30. Duane Arnold says:

    Just to be clear, Anglicans, RCs and Lutherans hold to one water baptism in the name of the Triune God. On rare occasions, such as “I don’t know if I was baptized…”, a “conditional” baptism is offered. Additionally, a “baptism in the Spirit” with manifestations is a theological construct that recurs from time to time throughout the history of the Church (pentecostals, enthusiasts, etc.). The experience is self-authenticating. I’ve found the theological underpinnings to be thin…

  31. CM says:

    Duane,

    The subsequent Baptism of the Holy Spirit is Pentacostalism 101 in which they draw from a couple of sections in the Book of Acts to support it. The Book of Acts is a historical book, not a didactic book like the Pauline letters. which do not mention nor support this subsequent Baptism of the Holy Spirit. Like you, I also find it spurious.

    It is really a binary option. Either you are Sealed with the Spirit or not. Every Christian has all the Holy Spirit they could ever need. Of course yielding to the Spirit, not grieving the Spirit, etc. — that is a different matter.

  32. Duane Arnold says:

    CM

    I’m not sure that I would say “spurious”… but I find the theology thin.

  33. CM says:

    Duane,

    Fair enough.

  34. Duane Arnold says:

    Just as a note, in the Syriac “Didascalia” (c. 270) there is an order given for baptism in a setting such as Dura-Europos. As the archaeological evidence mounts in the 3rd and 4th centuries, we find baptismal fonts in the shape of a cross (Amwas) or often as an octagon, the shape being suggestive of a Roman mausoleum, or round, suggestive of the womb. The average depth is about 3 feet. Some that are deeper have steps leading down into the font.

    Additionally, many baptistries were built near or over the graves of martyrs, linking the idea of death and rebirth. It would seem, from the letter of Paul and the book of Revelation, that this connection was made very early…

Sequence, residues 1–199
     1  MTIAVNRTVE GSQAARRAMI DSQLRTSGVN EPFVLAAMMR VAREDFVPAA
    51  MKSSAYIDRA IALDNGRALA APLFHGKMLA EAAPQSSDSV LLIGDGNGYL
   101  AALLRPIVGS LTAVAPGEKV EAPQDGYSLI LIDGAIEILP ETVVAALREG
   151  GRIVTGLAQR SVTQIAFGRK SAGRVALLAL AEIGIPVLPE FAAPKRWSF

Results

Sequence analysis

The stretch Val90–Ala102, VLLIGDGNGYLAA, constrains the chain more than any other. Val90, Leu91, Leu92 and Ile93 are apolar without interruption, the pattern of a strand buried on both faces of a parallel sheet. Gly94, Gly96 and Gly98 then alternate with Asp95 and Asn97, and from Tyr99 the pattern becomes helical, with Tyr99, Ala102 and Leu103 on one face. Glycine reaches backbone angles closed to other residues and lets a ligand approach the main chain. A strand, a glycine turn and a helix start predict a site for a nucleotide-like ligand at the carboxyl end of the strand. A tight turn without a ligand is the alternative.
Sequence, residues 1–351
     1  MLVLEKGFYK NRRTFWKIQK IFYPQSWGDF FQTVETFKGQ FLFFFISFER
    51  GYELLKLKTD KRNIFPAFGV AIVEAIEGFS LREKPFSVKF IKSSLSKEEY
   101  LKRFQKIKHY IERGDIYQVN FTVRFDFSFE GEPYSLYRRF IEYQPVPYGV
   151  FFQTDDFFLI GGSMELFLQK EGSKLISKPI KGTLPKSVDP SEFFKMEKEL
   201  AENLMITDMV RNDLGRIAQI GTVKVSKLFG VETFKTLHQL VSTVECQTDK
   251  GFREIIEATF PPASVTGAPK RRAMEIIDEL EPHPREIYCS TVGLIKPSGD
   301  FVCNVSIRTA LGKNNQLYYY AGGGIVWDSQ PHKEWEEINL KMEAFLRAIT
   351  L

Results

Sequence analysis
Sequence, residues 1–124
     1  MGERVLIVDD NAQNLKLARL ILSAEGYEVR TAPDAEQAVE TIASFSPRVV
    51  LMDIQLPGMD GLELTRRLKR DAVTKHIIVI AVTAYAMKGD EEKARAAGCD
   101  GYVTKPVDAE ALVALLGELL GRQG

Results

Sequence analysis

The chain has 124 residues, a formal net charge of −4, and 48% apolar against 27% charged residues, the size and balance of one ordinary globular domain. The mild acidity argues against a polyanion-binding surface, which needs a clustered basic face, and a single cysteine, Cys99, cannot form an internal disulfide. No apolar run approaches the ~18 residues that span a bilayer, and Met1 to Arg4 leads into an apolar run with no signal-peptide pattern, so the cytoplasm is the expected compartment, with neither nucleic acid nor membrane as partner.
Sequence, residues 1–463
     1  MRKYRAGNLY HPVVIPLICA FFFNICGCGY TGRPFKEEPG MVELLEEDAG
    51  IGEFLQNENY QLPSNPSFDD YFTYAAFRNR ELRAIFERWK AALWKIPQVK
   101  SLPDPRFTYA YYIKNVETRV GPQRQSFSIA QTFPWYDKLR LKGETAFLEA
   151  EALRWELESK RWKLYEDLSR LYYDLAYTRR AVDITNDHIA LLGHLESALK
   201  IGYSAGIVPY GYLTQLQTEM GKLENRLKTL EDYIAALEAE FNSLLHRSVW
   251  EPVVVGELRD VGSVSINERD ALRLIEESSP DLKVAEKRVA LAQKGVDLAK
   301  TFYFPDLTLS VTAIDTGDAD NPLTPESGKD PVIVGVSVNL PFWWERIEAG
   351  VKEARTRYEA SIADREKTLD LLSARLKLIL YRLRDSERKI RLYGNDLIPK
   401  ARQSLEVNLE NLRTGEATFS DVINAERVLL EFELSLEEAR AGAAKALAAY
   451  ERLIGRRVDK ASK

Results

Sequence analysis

35. Em says:

    For the record, i absolutely hold to the necessity of water baptism after salvation, but not for salvation. That said sometimes it isn’t physically possible to carry out that command, so i conclude baptism doesn’t save, it is a visible testimony to salvation/submission to God.
    However the new birth is a spiritual birth and it is NOT manifested by speaking in an unknown tongue today. I see no reason to war over this. Rather it is a good thing to prayerfully think on. Fortunately God knows our limitations and applies grace, so…. ? Looking forward to many Eternal instructions or reveals.. 🙏

  36. Duane Arnold says:

    Em

    As you know, those of us who believe baptism to be a sacrament, have a different view although we would agree that it is a “visible testimony” as well as something more…

  37. Em says:

    As close as we can come on this is that it is mysterious and sacred, i guess, Dr. Duane – God keep

  38. Owen says:

    Duane, thanks very much for this series (is this the end?). Great study, great comments, and I’ve learned much from both.
    Very interesting, the size and layout of the church building. The capacity mentioned is really close to the size of the congregation we now attend. Although our font is quite a bit smaller…..
    Good lessons!

  39. Duane Arnold says:

    Owen

    I’m pleased that you have found this helpful. I’ll probably have one more article to wrap up the series.

  40. CM says:

    Duane,

    It has been interesting as always. What would be interesting would a be study of the various Greek words and Greek/Roman concepts in athletic contests along with military words/concepts that were in common usage in Paul’s day and compare the same words/concepts in his NT letters. A church in the 1st century AD would easily make the connection between the concepts.

    The phrase in Rev 5:11 “numbering thousands upon thousands, and ten thousand times ten thousand.” interesting. As I understand it, the Greek word for 10,000 is myriad (murion?) and the phrase “10,000 times 10,000” is not necessarily an actual number, but rather an idiom to mean a very large number, a number to large to be counted, etc. Much like how today we use “tons” of work, “gobs” of stuff, and a “sh*tload” of homework. Exactly what is the quantity in a “Gob”? Exactly how many man-hours does it take to do a “sh*tload” of homework?

  41. Mike E says:

    I thank you Duane, for our Father has used you to help me understand the importance of the church. I’d become so angry and detached from the church. But your writings kindled in me an interest to learn more about church history and God helped me to realize the importance of the church universal, regardless of all her issues. I’m very grateful to God and you and Michael for this. 😎❤️

  42. Duane Arnold says:

    Mike E

    You made my day! 😊